I ask that you carefully read the following two stories. The first one is a joke often received in emails and is a complete fiction; the second one is no joke, but was recently reported in the news. See if you can spot how these two stories are related.
First Story: The Rancher's Widow
A successful rancher died and left everything to his devoted wife.
She was a very good-looking woman and determined to keep the ranch, but knew very little about ranching, so she decided to advertise for a ranch hand.
Two cowboys applied for the job. One was gay and the other a drunk.
She thought hard about it, and when no one else applied, she decided on the gay guy, figuring it would be safer to have him around the house than the drunk.
He proved to be a hard worker who put in long hours every day and knew a lot about ranching.
For weeks, the two of them worked and the ranch was doing very well. Then one day, the rancher's widow said to the hired hand, "You've done a really good job and the ranch looks great. You should go into town and kick up your heels."
The hired hand readily agreed and went into town one Saturday night. One o'clock came, however, and he
didn't return. Two o'clock and no hired hand. Finally he returned around two-thirty, and upon entering the room, he found the rancher's widow sitting by the fireplace with a glass of wine, waiting for him.
She quietly called him over to her. "Unbutton my blouse and take it off," she said. Trembling, he did as she directed. "Now take off my boots." He did as she asked, ever so slowly.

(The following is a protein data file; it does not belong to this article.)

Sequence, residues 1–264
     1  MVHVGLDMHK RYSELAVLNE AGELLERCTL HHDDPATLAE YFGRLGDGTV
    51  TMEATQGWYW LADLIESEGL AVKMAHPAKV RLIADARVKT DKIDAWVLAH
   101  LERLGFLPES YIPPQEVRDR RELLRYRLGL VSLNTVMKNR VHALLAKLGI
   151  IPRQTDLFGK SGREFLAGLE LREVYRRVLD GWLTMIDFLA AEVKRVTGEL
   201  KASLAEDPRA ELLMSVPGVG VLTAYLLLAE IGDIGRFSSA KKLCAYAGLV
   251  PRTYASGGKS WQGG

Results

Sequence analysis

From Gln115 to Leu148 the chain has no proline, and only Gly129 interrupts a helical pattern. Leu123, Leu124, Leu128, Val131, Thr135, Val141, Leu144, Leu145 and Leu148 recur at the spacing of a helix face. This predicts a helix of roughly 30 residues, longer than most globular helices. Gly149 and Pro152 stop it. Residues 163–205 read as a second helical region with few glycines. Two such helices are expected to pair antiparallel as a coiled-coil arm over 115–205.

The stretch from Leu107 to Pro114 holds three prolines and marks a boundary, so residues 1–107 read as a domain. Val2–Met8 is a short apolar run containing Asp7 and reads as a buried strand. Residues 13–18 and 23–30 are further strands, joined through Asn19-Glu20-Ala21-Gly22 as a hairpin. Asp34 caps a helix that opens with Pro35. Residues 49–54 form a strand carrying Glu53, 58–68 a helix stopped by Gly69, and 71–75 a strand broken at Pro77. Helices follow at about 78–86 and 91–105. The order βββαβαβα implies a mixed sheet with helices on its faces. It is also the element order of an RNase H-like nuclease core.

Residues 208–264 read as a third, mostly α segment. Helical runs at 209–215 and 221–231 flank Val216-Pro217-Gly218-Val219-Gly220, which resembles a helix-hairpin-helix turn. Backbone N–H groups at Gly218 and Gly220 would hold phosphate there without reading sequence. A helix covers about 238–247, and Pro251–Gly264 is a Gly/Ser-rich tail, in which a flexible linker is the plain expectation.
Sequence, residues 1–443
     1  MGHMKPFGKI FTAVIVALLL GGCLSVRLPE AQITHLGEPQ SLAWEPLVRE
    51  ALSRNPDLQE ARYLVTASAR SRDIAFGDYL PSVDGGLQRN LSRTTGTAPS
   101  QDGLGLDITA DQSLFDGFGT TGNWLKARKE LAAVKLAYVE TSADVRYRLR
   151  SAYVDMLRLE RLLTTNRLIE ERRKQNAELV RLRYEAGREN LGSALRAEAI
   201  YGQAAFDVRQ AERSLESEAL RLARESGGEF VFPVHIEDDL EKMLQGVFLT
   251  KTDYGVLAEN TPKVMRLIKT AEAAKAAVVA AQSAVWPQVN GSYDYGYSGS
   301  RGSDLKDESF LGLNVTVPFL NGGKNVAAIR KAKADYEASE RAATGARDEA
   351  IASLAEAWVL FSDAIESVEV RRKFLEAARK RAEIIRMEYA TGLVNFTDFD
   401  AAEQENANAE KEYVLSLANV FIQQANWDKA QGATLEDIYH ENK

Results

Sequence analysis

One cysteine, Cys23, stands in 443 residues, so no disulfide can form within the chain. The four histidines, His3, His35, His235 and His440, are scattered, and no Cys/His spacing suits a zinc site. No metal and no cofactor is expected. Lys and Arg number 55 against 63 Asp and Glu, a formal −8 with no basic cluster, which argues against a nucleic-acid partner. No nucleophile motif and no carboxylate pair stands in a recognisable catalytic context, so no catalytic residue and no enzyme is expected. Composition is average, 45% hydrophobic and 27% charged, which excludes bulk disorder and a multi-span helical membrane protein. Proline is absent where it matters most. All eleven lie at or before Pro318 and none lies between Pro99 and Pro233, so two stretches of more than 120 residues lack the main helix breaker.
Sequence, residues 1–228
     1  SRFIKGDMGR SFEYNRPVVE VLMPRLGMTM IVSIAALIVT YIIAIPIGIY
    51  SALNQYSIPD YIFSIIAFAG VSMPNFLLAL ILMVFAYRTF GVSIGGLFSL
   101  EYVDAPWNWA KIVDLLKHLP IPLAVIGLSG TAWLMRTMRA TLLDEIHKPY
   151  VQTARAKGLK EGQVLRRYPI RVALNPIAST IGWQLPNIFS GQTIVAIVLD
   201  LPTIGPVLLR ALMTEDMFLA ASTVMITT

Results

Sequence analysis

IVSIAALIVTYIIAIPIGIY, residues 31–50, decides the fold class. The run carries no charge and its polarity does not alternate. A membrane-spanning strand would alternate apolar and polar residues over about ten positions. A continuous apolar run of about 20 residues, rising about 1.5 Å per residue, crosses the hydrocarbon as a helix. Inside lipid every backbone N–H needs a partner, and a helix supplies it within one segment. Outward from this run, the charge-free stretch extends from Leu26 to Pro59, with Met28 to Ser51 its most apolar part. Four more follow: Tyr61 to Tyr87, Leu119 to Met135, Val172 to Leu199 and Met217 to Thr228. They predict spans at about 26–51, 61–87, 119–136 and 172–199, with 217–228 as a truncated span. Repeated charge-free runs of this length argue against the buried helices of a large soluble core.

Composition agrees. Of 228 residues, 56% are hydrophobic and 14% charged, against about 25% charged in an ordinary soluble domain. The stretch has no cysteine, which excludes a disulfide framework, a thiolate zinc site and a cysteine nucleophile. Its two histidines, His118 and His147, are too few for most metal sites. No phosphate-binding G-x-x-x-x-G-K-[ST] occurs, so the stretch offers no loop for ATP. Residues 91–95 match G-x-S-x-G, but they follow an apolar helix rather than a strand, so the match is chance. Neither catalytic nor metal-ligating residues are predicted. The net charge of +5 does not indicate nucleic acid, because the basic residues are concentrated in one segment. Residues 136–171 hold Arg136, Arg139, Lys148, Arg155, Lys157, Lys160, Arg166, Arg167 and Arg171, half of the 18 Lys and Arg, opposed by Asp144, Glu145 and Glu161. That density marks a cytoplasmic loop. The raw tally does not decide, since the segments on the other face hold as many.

"Now take off my socks." He removed each sock gently and placed them neatly by her boots. "Now take off my skirt." He slowly unbuttoned it, constantly watching her eyes in the fire light.
"Now take off my bra." Again, with trembling hands, he did as he was told and dropped it to the floor. Then she looked at him and said, "If you ever wear my clothes into town again, you're fired."
Second Story: Major Nidal Hasan
Nidal Malik Hasan is an American-born Muslim of Palestinian descent. As a U.S. Army major serving as a psychiatrist, he often expressed radical Islamic beliefs. In 2008, U.S. intelligence intercepted email communications between Hasan and Anwar al-Awlaki. In one of these Hasan wrote: "I can't wait to join you [in the afterlife]." These were forwarded to FBI terrorism task forces which determined Hasan was not a threat.
[Anwar al-Awlaki is a Muslim lecturer and former imam believed to be a senior talent recruiter and motivator "for al-Qaeda and all of its franchises and investigated a number of times by terrorism investigators. In 2009, he reportedly was promoted to the rank of regional commander within al-Qaeda.]
Hasan was reported to have had difficulties relating to patients which required that he be supervised. Similar problems occurred during his residency.
Reviews showed Hasan to be a loner who was passed along despite professional failings that included missed or failed exams and physical fitness requirements.
His commanders were seriously concerned about his actions and the role his Muslim faith played in interactions with his patients.
On Nov 5 2009 at Fort Hood (the most populous US military base in the world) Hasan killed 13 people and wounded 30 others.
Here is how they are related: In the first story, if you are like most people, the ending should have surprised you; if you were like me, you didn't see it coming.